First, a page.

- Adolescence – Early onset puberty (in girls), other reproductive issues (in boys)
The conclusion reached by the 13-member science group was that guidelines for acetaminophen use during pregnancy should be changed. The recommendations for change were echoed by a group of 91 physicians, scientists, and clinicians from a number of countries including Australia, Brazil, Canada, Israel, Scotland, the U.K., the U.S., and other countries of the EU.
New Recommendations for Acetaminophen Use During Pregnancy
The group recommends that pregnant women should not use Tylenol or acetaminophen during pregnancy unless it is medically necessary and that the medication should only be used at the smallest dose, for the shortest time possible.
These recommendations have been echoed in most medical settings both in and outside of the U.S. Pregnant women are advised to contact their health care provider before taking any medication during pregnancy.
Acetaminophen as an Ingredient in Medications
In addition to name-brand Tylenol and generic acetaminophen sold as pain and fever remedies, it is a common ingredient in other medications sold over-the-counter and in a number of prescription medications used mainly for pain treatment.
Examples of OTC medications containing acetaminophen:
- Tylenol Cough and Cold
- Tylenol Sinus
- DayQuil / NyQuil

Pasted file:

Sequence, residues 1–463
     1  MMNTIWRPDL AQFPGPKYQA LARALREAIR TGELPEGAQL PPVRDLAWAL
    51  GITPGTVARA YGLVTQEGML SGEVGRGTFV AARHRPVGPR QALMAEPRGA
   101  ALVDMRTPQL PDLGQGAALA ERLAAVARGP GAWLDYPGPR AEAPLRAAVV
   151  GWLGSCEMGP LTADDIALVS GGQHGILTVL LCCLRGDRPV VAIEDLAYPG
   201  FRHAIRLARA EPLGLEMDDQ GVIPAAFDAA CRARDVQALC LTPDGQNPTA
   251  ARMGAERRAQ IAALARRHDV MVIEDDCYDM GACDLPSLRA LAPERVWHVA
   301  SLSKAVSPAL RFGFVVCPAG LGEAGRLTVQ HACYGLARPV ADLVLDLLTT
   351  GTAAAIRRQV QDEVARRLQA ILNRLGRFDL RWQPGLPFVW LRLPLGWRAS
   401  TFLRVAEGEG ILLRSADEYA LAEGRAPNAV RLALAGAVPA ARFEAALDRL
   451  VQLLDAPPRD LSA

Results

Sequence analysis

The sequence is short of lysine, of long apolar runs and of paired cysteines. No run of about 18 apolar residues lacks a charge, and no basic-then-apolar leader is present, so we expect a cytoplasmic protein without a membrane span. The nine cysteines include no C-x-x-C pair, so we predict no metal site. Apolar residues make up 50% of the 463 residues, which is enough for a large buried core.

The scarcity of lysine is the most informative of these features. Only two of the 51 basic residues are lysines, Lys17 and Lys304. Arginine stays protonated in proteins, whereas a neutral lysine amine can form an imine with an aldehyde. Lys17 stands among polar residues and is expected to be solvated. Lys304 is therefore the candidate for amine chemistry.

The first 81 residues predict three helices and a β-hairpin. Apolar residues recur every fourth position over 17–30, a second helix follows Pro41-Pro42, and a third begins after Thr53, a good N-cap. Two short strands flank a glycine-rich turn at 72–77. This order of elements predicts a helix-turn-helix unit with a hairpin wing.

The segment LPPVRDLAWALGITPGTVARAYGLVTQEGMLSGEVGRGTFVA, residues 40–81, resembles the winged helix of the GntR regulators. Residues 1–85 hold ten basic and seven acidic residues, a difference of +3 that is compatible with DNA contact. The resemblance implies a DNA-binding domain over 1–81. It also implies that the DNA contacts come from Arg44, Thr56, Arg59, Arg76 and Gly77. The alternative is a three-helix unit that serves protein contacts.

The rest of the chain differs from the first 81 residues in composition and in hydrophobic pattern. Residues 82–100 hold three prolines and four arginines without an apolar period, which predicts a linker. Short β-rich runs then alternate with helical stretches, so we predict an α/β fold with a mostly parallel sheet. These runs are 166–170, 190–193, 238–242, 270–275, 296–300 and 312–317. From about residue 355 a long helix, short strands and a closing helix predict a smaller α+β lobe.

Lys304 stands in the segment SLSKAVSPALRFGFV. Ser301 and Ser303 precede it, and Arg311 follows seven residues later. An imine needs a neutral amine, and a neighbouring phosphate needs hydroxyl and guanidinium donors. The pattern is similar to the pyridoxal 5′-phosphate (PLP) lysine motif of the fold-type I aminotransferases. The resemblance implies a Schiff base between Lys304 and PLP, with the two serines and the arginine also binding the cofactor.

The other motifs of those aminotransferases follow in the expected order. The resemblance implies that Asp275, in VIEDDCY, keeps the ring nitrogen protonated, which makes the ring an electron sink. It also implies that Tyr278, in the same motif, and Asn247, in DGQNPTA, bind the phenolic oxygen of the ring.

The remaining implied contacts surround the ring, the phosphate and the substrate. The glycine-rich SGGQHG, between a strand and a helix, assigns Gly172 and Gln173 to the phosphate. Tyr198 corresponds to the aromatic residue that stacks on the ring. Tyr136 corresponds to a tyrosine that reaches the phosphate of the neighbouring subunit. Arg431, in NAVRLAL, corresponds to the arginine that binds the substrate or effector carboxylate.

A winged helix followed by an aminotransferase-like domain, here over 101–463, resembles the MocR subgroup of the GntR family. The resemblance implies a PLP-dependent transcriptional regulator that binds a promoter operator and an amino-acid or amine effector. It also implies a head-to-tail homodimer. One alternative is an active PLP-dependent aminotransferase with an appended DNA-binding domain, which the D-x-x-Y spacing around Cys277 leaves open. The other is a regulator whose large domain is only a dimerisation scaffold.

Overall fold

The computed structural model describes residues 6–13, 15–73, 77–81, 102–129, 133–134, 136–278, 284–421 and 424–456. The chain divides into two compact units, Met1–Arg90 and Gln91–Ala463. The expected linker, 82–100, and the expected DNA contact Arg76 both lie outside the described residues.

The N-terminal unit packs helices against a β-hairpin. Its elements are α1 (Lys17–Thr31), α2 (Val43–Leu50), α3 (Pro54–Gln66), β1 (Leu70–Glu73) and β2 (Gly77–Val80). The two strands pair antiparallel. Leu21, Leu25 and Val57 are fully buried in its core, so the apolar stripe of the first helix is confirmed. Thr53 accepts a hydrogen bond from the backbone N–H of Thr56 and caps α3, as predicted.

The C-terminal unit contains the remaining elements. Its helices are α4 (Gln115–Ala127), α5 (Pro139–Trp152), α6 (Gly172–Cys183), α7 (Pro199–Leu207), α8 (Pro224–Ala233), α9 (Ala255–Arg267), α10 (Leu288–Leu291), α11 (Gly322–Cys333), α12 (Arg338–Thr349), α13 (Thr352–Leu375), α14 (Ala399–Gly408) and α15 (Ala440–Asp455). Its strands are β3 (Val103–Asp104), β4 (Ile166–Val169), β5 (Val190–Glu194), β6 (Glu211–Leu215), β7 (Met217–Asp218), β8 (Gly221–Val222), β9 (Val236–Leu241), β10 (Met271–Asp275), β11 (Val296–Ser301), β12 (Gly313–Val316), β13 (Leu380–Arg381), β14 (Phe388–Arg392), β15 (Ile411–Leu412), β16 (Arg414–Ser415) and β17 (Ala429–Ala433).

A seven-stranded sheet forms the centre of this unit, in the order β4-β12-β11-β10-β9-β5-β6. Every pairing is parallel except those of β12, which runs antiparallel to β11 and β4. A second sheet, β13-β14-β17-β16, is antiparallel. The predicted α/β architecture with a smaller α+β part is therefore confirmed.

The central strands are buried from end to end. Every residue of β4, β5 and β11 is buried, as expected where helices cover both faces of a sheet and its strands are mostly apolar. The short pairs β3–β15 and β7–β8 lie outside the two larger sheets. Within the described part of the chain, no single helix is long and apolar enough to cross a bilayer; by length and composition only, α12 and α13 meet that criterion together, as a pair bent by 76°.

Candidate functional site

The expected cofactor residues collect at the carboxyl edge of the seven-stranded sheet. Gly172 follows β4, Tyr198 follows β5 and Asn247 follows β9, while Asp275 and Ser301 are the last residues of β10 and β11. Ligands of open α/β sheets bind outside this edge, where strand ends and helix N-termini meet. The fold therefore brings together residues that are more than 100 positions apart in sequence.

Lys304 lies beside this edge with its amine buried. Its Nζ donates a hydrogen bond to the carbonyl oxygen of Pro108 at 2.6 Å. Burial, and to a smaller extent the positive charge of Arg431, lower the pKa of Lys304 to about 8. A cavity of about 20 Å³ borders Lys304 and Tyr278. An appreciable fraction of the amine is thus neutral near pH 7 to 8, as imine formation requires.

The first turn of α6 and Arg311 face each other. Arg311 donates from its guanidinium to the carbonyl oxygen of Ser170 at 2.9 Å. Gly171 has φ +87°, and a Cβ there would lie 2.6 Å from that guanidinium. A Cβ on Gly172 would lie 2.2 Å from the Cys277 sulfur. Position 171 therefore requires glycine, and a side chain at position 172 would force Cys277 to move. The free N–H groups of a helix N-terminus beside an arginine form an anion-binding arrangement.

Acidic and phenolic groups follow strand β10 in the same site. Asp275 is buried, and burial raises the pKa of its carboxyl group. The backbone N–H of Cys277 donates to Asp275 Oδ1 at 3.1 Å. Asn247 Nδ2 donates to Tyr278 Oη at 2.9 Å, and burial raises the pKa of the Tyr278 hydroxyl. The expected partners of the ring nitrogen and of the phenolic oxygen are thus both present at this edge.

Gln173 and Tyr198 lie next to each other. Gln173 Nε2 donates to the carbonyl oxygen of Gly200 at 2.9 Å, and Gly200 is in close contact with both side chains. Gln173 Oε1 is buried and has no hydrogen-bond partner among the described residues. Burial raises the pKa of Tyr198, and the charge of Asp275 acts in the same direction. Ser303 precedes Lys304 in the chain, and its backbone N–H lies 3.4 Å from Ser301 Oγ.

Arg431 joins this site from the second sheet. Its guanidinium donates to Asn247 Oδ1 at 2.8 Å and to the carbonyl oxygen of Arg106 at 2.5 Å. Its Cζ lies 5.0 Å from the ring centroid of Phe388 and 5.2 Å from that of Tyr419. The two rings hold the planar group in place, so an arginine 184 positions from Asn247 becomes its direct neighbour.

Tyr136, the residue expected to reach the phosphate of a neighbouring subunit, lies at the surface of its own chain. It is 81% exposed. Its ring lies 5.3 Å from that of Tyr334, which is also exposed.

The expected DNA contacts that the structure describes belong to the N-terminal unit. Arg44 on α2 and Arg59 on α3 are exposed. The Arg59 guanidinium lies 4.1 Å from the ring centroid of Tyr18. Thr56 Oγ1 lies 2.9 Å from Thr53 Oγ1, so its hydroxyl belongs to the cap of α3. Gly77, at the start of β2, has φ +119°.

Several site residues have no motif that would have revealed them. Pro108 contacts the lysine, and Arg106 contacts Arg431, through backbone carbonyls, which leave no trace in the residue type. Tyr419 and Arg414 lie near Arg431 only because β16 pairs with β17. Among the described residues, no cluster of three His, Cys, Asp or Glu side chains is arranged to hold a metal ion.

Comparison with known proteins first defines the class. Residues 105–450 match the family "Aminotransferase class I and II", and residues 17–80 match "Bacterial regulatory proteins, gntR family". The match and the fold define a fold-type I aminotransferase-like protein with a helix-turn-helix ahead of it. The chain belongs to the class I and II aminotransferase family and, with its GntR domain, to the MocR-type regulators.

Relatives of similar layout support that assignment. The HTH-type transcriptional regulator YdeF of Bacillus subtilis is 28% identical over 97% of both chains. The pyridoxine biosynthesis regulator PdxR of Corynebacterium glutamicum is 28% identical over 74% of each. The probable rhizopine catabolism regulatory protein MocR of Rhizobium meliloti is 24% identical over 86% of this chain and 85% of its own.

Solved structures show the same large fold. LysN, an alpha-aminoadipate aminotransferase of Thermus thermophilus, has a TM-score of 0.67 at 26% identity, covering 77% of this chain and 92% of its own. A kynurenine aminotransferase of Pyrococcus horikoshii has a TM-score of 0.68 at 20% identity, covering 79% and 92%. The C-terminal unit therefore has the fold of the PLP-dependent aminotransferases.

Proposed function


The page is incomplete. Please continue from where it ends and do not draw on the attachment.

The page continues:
- Robitussin Multi-symptom
- Advil Dual Action
- Generic or store brand products
Because the medications are so common, the science groups are recommending that women who are pregnant be advised to “forgo” acetaminophen use whenever possible and to only use it at the lowest dose, for the shortest time when it is medically necessary. Manufacturers of popular over-the-counter medications have advised that women who are pregnant contact their health care provider before taking any medication.
Other Tylenol Lawsuits
Tylenol use has also been the subject of numerous lawsuits for liver damage and liver failure. About 200 of these lawsuits were settled in 2017 by J&J subsidiary McNeil, however some may be ongoing. Recommendations of maximum acetaminophen doses for adults have also been reduced and many prescription pain relievers have been reformulated or discontinued due to acetaminophen content.
Tylenol Autism/ADHD and Birth Defect Lawsuits Expanding
Johnson & Johnson, manufacturer of Tylenol, was the only company initially named in lawsuit complaints, however a number of generic manufacturers are now included in lawsuits. In addition to Johnson & Johnson, retailers such as Walmart, CVS, Costco. Walgreens, Dollar General, Family Dollar, and 7-Eleven may be facing thousands of lawsuits filed by people whose children may have been harmed but acetaminophen use during pregnancy.
Federal Tylenol/Acetaminophen Birth Defect Lawsuits have been consolidated into multidistrict litigation in New York. At least 266 lawsuits have been filed in federal court and more may exist in state and local court systems.
Parents or caregivers of children who were exposed to Tylenol or acetaminophen during pregnancy and who were harmed due to birth defect or developmental disorders including ADHD and Autism Spectrum Disorder may be eligible for compensation.